VILLANOVA, Pa. -- Less than 48 hours after their careers ended with a crushing loss to Wisconsin in Buffalo, Villanova's three seniors stood together for the last time on the practice court at the Davis Center on campus trying to make sense of it all.
Three early NCAA exits surrounding a national championship. More wins than anybody in the country since the start of the 2013-14 season but only one trip to the Sweet 16.
"It's difficult to accept, but that's the reality of it," Josh Hart said. "We gave it everything we could. We battled. We battled our whole careers here and gave everything we could to the program.
"We had some successful years so whenever we think about it, we'll think about those years and what we accomplished. ... We gave everything we could. A call here, a call there, a made shot here, a made shot there, but that's the luck of the draw. You've got to give Wisconsin all the credit. They're a tough, talented, very experienced team. We just ran into a good team."
It's a Villanova tradition that soon after the season ends, the players meet with the media.
Last year's interview was a continuation of the elation following the national championship.
This was different, following just two days after an excruciating loss, and Hart, Darryl Reynolds and Kris Jenkins -- Villanova's three seniors and the only players Villanova made available -- spontaneously decided to stand together and answer questions as a group.
It seemed like they just wanted one more moment together.
"The camaraderie, you can't put a price on that," Reynolds said, as Jenkins and Hart nodded in agreement. "A lot of people say this will be the last time you'll be with a group of guys who are this connected because after this point it is a complete business. More than anything, we're going to miss each other.
"We're not going to hang our heads. We had great careers here, we gave it everything we had and we walk away from it with no regrets. ...
"When you come up short, it's OK because you know you put everything you had into it."
Coach Jay Wright met with the full team Monday for the final time, and part of his message was that they have plenty to be proud of. Focus on the successes and not the failures.
"They hear the criticism from the outside, and we all understand that that comes with our position in college basketball right now and you have to accept that," Wright said.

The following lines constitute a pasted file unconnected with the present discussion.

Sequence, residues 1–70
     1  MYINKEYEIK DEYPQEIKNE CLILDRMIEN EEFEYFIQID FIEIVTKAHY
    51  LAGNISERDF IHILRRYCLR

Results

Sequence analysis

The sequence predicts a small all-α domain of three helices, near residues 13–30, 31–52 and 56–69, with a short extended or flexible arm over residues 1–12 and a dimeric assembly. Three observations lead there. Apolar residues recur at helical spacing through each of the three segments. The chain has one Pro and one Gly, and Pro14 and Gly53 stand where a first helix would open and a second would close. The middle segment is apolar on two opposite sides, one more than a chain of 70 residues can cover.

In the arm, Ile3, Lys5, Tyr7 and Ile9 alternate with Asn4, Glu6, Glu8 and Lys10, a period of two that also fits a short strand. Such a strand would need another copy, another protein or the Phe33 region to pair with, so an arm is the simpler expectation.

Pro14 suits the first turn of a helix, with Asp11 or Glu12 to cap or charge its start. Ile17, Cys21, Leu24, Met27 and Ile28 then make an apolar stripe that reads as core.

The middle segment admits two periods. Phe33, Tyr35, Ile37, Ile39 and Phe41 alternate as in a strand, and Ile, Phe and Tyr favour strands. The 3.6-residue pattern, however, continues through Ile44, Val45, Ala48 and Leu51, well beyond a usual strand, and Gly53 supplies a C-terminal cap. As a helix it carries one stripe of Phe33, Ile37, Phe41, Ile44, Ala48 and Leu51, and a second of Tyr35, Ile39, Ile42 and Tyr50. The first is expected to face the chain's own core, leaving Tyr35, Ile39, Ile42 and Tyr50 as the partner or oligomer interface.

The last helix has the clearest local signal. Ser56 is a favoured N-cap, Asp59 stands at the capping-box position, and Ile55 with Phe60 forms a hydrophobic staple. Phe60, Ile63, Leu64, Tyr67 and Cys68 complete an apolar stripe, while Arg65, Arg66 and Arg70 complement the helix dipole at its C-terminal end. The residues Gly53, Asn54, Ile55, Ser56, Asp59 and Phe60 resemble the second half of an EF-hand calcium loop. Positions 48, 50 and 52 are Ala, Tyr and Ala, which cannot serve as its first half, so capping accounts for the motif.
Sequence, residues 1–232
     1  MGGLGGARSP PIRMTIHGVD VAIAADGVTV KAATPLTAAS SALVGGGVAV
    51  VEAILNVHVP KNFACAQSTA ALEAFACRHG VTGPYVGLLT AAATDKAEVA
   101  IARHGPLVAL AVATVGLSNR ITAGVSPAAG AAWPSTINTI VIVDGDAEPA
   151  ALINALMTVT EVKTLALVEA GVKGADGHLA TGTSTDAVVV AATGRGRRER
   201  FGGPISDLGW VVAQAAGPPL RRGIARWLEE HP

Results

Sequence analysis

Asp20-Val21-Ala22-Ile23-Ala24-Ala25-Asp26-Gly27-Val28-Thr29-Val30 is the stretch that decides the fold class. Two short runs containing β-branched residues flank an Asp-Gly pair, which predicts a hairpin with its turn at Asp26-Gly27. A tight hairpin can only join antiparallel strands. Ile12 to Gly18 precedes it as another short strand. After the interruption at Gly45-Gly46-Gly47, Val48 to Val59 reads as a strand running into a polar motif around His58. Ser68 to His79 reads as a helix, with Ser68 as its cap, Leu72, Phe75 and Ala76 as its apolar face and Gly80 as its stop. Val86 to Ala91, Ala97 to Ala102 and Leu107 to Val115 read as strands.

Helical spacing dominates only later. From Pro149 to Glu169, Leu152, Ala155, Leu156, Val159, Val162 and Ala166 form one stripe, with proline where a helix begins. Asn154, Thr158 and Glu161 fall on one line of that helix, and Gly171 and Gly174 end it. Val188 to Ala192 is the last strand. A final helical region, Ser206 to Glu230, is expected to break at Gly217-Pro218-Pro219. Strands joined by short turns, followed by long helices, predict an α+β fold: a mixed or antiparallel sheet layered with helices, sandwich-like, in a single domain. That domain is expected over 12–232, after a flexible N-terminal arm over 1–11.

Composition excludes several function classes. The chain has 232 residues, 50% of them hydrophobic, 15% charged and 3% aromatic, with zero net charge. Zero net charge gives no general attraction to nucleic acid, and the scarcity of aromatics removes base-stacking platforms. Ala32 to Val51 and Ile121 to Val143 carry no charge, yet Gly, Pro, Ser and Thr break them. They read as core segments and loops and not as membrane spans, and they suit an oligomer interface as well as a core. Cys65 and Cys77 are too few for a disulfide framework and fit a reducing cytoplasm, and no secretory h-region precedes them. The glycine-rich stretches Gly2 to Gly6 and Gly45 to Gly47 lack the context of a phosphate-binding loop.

"But we were very clear to them, that what they accomplished this season and in the regular season and the Big East Tournament and even the way they comported themselves in the NCAA Tournament, they should be proud. They should be really proud. They gave great effort, they never quit, they stuck together (and) that's all you can ask of an athlete.
"If someone were to back down in that game or someone would have got a little selfish in that game, then maybe you question something. But no one did. And no one did all season.
"It was really an incredible season, we just understand that on the outside in college basketball you get evaluated by how you advance in the NCAA Tournament. And it's OK. That's fair. But we want them to be proud of their effort this season."
In the end, this Villanova team seemed gassed. With Jenkins unable to find his shot, Mikal Bridges struggling late and Phil Booth and Omari Spellman unavailable, the Wildcats were really down to three scorers -- Hart, Jalen Brunson and reserve Donte DiVincenzo. It's a tough way to win.
Wright even spoke Monday of how last year ran right into this year and it seemed like the Wildcats never got a break.
"No complaints, I would do it all over again," he said. "But I think we could all use a break."
So they won 32 games and the Big East Tournament really with a seven-man rotation and just didn't have enough in the tank the last few minutes against a Wisconsin team that was ranked as high as No. 7 in the country a month ago, has been to two Final Fours in the last three years and goes 10 deep.
"We gave everything we could to this university and we're proud of that," Jenkins said. "We're proud of how we conducted ourselves as student-athletes representing this university.
"It didn't end the way we wanted, but we had great careers and we're proud of that."
These seniors have experienced highs and lows that most college basketball players never experience.
A year ago, they were in the middle of a historic run that ended with a trip to the White House.
Now they're back on campus, back in class, back to being regular college students.
"That's what the tournament is," Wright said. "You play for high stakes and you get great rewards when you win, so you can't avoid criticism when you lose. You've just got to take it, and no one's wrong in giving it to you.
"But you've got to look at yourself and say, 'Did we do everything we could do?' You know? And I really think the guys did and I want them to be proud of their efforts and their attitude and that's what we judge ourselves on."
Hart, Jenkins and Reynolds were a part of four teams that went a combined 129-17, the 10th-most wins ever by a Division I program in a four-year span.
Villanova's worst record with these guys in the lineup was 29-5.
They were ranked as high as No. 3 in the country all four years, won the Big East regular season four times, the Big East Tournament twice and the NCAA Tournament last year.
But then there are those three early exits. In 2014, 2015 and 2017, Villanova lost as a 1- or 2-seed to an opponent seeded seventh or lower.
"It's very tough but we gave this program everything we had since we got here and we're thankful for the opportunity we've had and the relationships that we've had here and now it's time to move on and hopefully we can do some more great things in the future," Jenkins said.
"I thought we battled and we gave it all we had. No one gave up, no one quit, we left it all out there for each other. We just fell a little short."